Parliamentary parties to start presidential campaigns in last days of December – report
Representatives of the center-left party Fair Russia have told Kommersant daily that their elections convention is most likely to take place on December 25.
“This time will be OK, if we work in the morning we will have more chances for TV coverage,” they said. However, the party sources again declined to name any possible candidates for the presidential nomination in their party.
“This will be based of the internal discussion, whether we must participate or not and who exactly will run if we do,” they said.
The head of the Liberal Democratic Party in the State Duma, Igor Lebedev, told reporters that he and his comrades wanted to announce their candidate for 2018 presidential race as soon as possible, but did not specify a possible date.
Russia’s largest opposition party, the Communists, held the first stage of their elections convention in May this year, but they deliberately chose not to close the event so that the same members could gather again and choose a candidate for the presidential race.
The deputy chairman of the Central Committee of the Communist Party of Russian Federation (KPRF), Yury Afonin, told Kommersant that grass root organizations in Russian regions were still discussing the possible nomination for the 2018 race and that the final decision on the issue is expected to be made in late December.
However, sources in the party agreed that it was not good to hold congresses and conventions so close to the New Year holidays and Russian Orthodox Christmas (both New Year Day and Orthodox Christmas [January 7] are official days off in Russia and often the government combines them, shifting a few working days to make a short vacation period for everyone).
The actual date of the elections convention will be chosen at the plenary session of the Communist Party’s Central Committee that will take place on November 1-7, and that will be dedicated primarily to the celebration of the centenary of the 1917 Bolshevik Revolution.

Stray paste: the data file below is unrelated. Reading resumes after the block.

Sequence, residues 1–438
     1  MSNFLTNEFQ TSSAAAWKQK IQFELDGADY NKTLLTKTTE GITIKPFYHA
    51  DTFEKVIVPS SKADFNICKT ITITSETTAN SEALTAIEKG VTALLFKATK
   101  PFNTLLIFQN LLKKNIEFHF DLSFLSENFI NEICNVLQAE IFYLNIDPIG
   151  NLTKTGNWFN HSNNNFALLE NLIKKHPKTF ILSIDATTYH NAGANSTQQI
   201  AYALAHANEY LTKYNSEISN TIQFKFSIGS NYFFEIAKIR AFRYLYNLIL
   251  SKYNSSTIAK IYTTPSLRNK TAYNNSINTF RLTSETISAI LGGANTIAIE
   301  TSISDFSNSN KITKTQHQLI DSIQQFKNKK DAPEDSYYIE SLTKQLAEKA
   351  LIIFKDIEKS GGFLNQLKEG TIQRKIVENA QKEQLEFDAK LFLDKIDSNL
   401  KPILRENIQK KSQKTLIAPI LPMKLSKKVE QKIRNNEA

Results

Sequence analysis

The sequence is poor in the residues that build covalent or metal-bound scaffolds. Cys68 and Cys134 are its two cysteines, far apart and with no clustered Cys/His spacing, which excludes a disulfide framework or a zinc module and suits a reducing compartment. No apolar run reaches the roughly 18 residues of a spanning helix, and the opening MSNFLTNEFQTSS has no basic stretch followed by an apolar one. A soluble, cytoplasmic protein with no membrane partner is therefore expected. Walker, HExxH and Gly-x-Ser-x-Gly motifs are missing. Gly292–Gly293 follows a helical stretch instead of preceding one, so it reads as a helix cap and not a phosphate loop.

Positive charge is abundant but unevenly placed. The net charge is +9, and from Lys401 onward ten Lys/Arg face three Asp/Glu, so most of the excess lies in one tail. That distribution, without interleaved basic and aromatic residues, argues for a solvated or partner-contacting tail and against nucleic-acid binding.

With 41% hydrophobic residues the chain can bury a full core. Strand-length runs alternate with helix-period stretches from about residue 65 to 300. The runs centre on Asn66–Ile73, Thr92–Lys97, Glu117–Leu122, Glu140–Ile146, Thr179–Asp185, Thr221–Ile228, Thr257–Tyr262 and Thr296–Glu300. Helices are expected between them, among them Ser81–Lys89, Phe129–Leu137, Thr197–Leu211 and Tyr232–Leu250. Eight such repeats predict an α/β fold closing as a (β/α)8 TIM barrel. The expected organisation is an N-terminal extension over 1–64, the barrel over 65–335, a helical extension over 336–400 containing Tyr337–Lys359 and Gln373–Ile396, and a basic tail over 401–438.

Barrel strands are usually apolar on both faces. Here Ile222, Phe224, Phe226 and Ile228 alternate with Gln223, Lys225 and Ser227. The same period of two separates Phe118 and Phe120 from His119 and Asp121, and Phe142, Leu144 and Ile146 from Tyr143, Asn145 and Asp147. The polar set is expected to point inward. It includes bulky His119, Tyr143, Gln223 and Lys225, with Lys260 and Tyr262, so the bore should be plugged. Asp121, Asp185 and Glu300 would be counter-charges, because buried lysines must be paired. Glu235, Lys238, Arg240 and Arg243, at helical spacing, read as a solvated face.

However, another deputy chairman of KPRF’s Central Committee, Dmitry Novikov, emphasized in his comment that the events organized in connection with the anniversary of the revolution were self-sufficient and not tied to the upcoming presidential polls.
According to Russian law, the date of 2018 presidential elections must be announced between December 7 and December 17, and it is widely expected to be March 18 – the anniversary of Crimea’s reunification with Russia.
So far, three established Russian politicians have announced that they intend to run for the presidency – the founder of the liberal Yabloko party, Grigory Yavlinsky, the head of the nationalist LDPR, Vladimir Zhirinovsky, and anti-corruption activist Aleksey Navalny. The latter, however, is technically barred from running under Russian law because he is currently serving a five-year suspended jail sentence that will not expire before the next election.
Another person intending to run is Boris Yakemenko – one of the founders of the pro-Kremlin youth movement Nashi (‘Ours’ or ‘Allies’). In early September, Yakemenko told reporters that he will run as independent, adding that he had not coordinated this step with the authorities and explaining it by the desire to learn how many votes a simple man can get.
Parliamentary Majority Party United Russia has not disclosed its plans for the presidential elections.
Incumbent President Vladimir Putin has repeatedly has faced questions about a potential next term, but he and his press secretary, Dmitry Peskov, have always said it is too early to discuss the issue. In early September Putin explained this behavior by the fact that such announcement could paralyze all political and administrative work in the country.
“I have said it before and I can say it again – as soon as they announce election campaigns in our country, everyone immediately stops working. I know this firsthand,” Putin told reporters.